Most psychologists are already familiar with provision of services over the telephone, as when conducting an intake screening with a prospective client or handling questions or crises that may emerge during the course of psychotherapy. In the first case, this is the initial contact with the client and obviously little is known at that time. It may mark the beginning of the professional relationship. In the second, psychologists are speaking with known clients who are engaged in ongoing treatment. The provision of an entire course of psychotherapy over the phone is, however, relatively new to most psychotherapists accustomed to the face-to-face, in-office setting. The increasing availability of facilities for videoconferencing provides psychologists and clients with a broader range of possibilities for psychotherapy.
It would be important for psychologists to check with their state laws and regulations to ensure that there is no prohibition against the provision of telepsychotherapy in that jurisdiction. Most states are silent on the matter, and psychologists who choose to use these methods are expected to provide the usual standard of care and to act as any reasonable and ethical practitioner would (APA, 2010).
PRACTICING TELEPSYCHOTHERAPY ACROSS STATE LINES
Statutory problems are not new to the practice of psychology. The profession is largely regulated by state licensing boards that have different regulations impacting out of state practice. Some state licensing boards allow limited out of state practice without registration, some require registration, and others prohibit such practice. The psychologist who chooses to do telepsychotherapy needs to know that some licensing boards have opined that the regulatory authority for this type of activity is not determined by the physical location of the psychologist but, rather, where the client is. Thus, those who choose to practice in this manner can run afoul of state boards that might consider this practice to be illegal and even criminal, that is, practicing psychology without a license in that jurisdiction.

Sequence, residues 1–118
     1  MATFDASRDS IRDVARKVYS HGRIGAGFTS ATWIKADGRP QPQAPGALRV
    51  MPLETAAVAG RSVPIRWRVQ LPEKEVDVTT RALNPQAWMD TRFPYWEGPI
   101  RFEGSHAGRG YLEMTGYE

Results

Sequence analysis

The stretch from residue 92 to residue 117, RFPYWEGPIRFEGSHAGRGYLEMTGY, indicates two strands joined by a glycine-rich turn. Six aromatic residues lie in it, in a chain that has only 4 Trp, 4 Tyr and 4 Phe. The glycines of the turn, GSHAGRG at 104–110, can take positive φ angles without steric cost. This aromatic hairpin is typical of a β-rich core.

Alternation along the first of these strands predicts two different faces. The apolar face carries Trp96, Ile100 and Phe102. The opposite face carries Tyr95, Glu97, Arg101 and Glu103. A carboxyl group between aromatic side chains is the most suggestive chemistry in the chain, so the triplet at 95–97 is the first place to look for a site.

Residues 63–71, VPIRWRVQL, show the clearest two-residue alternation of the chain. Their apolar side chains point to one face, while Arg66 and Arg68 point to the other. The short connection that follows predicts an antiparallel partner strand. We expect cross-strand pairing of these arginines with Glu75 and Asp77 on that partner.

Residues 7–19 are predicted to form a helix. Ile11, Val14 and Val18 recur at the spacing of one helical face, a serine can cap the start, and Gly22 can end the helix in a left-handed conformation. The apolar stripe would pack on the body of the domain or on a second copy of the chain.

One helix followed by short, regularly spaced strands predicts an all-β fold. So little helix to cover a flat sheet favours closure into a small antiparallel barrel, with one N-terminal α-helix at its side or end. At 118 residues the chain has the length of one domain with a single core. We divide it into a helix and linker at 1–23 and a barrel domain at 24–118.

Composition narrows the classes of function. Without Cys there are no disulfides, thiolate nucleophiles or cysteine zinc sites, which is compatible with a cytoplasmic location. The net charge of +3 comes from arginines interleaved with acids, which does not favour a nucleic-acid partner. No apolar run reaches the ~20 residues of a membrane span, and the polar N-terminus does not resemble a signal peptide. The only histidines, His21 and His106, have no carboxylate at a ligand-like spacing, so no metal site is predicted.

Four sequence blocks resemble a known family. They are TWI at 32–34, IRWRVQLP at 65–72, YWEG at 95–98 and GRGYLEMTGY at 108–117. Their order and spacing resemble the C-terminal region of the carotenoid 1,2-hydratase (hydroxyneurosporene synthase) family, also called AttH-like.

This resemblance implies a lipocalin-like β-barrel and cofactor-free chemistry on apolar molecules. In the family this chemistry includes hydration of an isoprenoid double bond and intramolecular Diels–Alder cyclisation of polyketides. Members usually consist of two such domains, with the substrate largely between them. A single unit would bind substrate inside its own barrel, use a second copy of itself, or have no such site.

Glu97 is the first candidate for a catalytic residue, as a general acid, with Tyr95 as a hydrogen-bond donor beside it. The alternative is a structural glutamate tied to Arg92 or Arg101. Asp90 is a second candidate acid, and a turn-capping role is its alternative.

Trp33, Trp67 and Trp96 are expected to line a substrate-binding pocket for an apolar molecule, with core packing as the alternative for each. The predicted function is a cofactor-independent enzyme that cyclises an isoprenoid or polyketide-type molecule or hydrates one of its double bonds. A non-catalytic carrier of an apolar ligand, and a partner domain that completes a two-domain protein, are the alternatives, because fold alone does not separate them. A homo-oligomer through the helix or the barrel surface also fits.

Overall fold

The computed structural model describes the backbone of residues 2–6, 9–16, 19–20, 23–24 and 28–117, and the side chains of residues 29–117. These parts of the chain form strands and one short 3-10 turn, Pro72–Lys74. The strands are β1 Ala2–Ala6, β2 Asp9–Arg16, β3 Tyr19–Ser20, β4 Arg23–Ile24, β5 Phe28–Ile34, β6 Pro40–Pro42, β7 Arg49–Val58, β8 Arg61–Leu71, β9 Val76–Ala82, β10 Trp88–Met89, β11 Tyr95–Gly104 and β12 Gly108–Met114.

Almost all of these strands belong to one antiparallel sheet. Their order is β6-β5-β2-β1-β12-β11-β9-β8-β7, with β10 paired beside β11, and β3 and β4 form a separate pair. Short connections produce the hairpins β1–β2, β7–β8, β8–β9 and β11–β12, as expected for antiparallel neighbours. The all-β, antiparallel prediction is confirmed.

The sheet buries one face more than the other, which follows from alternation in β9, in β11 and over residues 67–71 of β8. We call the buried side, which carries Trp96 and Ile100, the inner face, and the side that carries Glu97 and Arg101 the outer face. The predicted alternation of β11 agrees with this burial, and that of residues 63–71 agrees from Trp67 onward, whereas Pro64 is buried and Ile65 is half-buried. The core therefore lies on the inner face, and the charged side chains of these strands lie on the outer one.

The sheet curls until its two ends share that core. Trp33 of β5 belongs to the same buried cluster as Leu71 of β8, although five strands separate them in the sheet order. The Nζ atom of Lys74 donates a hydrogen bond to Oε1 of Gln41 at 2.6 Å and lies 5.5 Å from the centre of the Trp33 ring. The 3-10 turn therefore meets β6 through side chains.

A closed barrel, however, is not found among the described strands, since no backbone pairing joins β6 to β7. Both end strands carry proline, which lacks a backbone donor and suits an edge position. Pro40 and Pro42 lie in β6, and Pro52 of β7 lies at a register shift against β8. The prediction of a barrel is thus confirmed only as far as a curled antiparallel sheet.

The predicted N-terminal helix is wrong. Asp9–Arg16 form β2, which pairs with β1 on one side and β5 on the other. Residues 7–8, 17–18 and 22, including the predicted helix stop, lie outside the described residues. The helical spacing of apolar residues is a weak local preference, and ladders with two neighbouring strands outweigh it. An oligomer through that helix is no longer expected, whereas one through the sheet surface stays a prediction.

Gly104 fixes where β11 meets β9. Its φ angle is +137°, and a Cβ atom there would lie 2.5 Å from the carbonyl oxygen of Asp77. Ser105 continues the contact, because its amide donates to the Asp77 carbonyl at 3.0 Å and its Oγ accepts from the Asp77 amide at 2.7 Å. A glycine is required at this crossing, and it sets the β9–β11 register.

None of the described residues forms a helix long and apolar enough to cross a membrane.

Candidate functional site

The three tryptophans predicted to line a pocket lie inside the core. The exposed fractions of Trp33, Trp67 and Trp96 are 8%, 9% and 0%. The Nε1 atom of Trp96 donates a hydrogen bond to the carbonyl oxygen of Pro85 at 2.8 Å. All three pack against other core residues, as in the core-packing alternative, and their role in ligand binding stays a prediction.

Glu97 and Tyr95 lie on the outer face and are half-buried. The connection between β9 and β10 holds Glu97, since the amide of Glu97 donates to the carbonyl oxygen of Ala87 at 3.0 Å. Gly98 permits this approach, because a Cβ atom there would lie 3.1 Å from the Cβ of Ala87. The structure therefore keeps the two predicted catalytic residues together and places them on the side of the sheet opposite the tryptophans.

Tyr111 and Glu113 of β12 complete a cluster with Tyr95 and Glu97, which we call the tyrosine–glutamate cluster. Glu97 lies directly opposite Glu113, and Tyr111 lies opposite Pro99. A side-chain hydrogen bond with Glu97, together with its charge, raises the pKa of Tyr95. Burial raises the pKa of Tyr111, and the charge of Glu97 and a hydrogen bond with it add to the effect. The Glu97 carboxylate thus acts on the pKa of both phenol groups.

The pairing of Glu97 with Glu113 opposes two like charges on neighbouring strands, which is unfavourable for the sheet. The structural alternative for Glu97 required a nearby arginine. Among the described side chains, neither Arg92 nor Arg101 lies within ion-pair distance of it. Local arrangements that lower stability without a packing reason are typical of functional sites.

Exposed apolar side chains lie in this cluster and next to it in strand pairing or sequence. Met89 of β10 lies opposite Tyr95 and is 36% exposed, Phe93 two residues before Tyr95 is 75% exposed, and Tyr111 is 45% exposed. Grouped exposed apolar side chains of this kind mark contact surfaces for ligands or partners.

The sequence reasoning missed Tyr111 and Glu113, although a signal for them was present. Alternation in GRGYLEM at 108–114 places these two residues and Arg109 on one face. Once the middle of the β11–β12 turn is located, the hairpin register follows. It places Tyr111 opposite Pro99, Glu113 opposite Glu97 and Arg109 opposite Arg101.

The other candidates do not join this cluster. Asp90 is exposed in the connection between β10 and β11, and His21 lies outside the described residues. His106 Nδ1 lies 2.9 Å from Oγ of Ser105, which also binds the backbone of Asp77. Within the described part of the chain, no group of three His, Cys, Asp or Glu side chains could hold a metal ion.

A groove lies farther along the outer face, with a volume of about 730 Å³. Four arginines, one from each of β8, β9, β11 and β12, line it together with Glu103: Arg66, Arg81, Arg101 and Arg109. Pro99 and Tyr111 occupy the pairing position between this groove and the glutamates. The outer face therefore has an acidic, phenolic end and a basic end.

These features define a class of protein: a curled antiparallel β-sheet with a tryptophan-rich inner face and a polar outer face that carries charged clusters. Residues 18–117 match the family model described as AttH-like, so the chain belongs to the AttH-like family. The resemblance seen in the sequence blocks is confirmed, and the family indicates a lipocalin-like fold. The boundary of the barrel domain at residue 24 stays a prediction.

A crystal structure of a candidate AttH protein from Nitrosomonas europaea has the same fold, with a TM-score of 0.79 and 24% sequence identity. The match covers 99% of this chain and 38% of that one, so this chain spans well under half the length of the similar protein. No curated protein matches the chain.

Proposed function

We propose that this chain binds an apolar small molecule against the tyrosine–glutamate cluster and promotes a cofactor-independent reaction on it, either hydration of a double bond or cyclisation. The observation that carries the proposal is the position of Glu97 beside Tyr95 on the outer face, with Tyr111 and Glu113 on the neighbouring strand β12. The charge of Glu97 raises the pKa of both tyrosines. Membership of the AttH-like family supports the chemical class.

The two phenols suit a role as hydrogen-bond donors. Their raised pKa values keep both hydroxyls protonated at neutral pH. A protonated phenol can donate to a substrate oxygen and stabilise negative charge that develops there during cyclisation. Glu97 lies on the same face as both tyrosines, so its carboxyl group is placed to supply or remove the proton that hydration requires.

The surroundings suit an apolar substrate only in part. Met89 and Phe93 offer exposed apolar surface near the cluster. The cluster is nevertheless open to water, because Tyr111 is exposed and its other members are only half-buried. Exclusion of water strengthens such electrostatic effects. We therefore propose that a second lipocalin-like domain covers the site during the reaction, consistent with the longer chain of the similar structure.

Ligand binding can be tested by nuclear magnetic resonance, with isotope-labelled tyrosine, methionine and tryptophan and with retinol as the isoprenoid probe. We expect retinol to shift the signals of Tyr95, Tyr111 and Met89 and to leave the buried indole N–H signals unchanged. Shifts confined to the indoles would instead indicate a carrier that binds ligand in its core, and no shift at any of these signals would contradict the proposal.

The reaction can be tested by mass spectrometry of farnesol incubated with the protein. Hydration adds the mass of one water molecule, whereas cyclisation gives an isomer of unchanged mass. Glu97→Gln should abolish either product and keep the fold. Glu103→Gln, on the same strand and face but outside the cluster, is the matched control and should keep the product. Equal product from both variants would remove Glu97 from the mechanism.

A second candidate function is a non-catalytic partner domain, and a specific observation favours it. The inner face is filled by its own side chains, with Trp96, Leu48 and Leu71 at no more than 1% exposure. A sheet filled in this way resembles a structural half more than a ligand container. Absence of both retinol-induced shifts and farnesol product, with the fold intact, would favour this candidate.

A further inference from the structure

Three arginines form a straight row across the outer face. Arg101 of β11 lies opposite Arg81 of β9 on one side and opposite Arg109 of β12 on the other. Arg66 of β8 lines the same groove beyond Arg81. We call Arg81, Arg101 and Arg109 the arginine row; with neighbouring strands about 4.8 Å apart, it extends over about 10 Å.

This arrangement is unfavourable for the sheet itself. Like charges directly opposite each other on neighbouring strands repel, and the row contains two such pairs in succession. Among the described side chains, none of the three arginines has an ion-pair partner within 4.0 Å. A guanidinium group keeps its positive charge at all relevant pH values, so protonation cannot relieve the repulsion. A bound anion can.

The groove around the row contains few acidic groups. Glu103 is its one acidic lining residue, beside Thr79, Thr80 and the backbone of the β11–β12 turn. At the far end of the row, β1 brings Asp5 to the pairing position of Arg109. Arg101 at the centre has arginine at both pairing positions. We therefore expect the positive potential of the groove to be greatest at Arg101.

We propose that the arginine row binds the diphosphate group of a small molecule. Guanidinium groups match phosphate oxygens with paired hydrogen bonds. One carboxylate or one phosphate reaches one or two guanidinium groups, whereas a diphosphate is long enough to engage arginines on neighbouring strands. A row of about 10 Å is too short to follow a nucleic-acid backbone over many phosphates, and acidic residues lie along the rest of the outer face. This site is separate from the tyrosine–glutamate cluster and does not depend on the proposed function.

Psychologists who provide telepsychotherapy need to check whether the state where the patient is located allows for this activity. In addition, if the state has administrative requirements regarding this type of practice, these must be complied with. APA has developed a chart that summarizes a 50 state review describing temporary and guest licensure. The report cautions that one still must check with the individual state licensing board. The APA chart is available at APA Practice Central: apapracticecentral.org/advocacy/state/telehealth-slides.pdf.
If a psychologist wishes to gain permanent licensure in another state, the National Register (NR) of Health Service Providers in Psychology credentials psychologists who meet requirements for education, internship, and experience as health care professionals. The NR expedites licensure mobility for psychologists in 47 jurisdictions in the US and Canada as well as internationally. Its website (www.nationalregister.org) provides the psychologist with a listing of states that accept NR credentials. For psychologists who seek licensure in other states, the National Register can be quite helpful and saves considerable time and effort.